Digital files available at www.joomag.com.
For an English translation of this and all of the “In Our Languages” articles visit newsfromnativecalifornia.com/blog.
The Bear Dance is important to the people. It’s a time of confirmation of family ties and friendship. It establishes our ongoing actions with the universe and puts us in touch with the land and animals in our immediate surroundings.
In December, we had a beautiful weekend working with StoryCorps and our friends at the Maidu Museum in Roseville to document some of the dynamic oral histories of Native California.
I created this recipe years ago and make it for all our community activities. It is now a favorite meal up and down the rivers for events and ceremonies.
At a recent symposium, an Australian aborigine woman addressed the crowd of educators, historians, anthropolo- gists, and other native folks. She asked, “Do you know who you are? We know who we are—we are at one with the land!”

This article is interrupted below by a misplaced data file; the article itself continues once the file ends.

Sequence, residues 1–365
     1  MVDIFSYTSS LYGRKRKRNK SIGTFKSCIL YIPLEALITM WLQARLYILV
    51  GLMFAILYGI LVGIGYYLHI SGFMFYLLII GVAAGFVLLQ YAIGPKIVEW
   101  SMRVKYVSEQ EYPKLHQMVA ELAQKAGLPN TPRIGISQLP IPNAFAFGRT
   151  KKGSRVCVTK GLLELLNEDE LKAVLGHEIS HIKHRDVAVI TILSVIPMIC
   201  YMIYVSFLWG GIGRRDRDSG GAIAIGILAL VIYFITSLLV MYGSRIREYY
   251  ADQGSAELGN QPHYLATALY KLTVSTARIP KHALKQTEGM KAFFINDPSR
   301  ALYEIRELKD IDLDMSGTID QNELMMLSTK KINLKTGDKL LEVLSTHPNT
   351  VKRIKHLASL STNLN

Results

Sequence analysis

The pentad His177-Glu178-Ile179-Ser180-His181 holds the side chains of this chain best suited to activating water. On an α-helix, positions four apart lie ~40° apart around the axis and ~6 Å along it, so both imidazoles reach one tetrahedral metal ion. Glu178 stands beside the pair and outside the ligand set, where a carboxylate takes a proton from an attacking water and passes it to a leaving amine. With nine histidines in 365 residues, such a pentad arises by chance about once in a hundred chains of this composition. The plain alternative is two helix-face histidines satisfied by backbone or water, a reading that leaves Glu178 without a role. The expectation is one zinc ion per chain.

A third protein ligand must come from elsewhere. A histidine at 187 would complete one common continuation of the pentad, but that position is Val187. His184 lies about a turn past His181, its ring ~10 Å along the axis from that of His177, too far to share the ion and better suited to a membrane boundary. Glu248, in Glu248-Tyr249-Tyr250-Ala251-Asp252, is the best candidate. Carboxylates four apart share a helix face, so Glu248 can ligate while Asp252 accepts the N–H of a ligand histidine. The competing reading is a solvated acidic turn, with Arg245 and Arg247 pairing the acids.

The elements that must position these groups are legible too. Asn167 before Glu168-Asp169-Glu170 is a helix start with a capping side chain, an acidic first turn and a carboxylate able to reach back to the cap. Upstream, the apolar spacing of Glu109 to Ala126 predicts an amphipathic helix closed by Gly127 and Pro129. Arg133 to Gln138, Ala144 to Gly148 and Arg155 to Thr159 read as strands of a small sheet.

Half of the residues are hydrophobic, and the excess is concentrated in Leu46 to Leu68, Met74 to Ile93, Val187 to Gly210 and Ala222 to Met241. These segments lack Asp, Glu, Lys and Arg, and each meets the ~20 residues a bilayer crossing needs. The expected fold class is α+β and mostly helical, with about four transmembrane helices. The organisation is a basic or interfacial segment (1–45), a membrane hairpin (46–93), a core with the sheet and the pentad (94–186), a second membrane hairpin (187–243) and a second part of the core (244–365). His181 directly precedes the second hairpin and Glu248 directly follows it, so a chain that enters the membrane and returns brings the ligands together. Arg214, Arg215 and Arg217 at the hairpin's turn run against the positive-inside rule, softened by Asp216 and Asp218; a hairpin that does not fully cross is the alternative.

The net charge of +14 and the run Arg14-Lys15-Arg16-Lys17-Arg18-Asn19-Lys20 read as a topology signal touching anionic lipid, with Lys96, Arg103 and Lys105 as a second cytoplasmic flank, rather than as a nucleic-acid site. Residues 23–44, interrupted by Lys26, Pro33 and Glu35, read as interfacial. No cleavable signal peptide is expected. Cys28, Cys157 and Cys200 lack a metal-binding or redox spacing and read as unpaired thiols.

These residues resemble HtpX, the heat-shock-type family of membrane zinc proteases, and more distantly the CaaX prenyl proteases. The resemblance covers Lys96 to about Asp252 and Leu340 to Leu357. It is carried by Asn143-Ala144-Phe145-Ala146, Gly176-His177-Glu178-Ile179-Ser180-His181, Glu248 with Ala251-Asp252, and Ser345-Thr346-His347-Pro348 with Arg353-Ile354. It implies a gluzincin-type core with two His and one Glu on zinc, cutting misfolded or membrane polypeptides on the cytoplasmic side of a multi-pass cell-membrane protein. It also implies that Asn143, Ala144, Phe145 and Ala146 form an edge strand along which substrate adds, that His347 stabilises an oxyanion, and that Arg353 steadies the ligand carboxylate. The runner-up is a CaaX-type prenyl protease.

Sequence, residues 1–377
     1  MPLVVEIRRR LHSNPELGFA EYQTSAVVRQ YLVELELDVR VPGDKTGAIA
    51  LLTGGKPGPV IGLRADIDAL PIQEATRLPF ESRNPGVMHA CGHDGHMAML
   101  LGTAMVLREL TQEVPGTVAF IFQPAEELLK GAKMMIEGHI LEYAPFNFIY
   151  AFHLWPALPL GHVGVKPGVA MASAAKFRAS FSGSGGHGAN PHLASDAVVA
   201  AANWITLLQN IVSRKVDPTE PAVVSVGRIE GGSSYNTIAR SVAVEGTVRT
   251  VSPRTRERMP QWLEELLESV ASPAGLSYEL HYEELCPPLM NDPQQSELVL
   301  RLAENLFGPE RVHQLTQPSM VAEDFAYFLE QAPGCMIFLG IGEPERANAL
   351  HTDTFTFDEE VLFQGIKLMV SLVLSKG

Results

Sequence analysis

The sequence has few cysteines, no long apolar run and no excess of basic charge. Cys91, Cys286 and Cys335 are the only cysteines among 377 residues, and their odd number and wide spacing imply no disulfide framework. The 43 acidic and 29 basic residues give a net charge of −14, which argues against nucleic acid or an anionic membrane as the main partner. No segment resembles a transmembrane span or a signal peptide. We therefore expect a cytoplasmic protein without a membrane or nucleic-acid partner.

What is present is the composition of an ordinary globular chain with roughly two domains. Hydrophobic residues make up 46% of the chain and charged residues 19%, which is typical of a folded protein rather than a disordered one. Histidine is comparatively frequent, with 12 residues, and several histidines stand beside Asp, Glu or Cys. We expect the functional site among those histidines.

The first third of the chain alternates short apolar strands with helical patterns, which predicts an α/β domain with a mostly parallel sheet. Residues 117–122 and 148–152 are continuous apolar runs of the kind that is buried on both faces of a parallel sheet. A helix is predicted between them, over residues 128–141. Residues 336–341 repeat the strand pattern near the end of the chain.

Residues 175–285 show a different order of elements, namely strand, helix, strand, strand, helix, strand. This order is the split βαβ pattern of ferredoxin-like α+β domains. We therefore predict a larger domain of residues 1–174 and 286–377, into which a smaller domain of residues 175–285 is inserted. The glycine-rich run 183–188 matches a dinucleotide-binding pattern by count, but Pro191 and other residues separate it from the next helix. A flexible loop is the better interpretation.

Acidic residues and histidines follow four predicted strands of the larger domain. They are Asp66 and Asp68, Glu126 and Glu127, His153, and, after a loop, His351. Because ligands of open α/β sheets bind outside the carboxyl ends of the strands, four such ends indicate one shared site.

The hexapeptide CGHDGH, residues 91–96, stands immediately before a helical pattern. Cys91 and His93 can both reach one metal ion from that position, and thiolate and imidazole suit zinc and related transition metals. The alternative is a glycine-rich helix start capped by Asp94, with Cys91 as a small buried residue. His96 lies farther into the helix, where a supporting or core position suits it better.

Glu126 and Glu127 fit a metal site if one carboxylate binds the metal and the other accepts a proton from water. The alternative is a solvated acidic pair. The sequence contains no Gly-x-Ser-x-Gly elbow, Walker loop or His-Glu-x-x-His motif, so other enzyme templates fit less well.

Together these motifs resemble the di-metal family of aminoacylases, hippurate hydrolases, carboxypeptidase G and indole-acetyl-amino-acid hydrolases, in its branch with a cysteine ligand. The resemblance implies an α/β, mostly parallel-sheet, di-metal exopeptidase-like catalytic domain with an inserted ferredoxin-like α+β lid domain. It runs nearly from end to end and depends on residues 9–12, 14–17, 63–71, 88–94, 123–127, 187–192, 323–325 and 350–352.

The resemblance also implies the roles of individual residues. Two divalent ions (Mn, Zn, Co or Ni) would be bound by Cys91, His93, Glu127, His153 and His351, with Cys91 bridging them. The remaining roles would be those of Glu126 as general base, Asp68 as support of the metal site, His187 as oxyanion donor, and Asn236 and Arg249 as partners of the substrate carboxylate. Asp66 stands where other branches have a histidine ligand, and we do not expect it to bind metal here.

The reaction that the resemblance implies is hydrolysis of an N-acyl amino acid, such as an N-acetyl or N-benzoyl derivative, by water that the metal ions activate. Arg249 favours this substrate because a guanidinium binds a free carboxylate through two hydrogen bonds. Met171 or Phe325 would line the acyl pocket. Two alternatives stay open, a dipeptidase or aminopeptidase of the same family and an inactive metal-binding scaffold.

The Agua Caliente Cultural Museum made this series of posters to celebrate several of the Cahuilla elders who were instrumental in keep Bird Songs alive and engaging new generations in their traditions of singing and dancing in Southern California. The faces of these elders are the faces of cultural revitalization.
Rose valley is situated on the eastern side of the Sierra Nevada, bordered by Owens Lake to the north, Little Lake and Indian Wells Valley to the south, and the Coso Mountains to the east. For many travelers the valley is just a layover on the way to one of these landmarks, but for many Natives and a few informed scientists this area is much more important in the realm of great antiquity and spirituality.
Remembershing David Belardes and Jane Thing-Dumas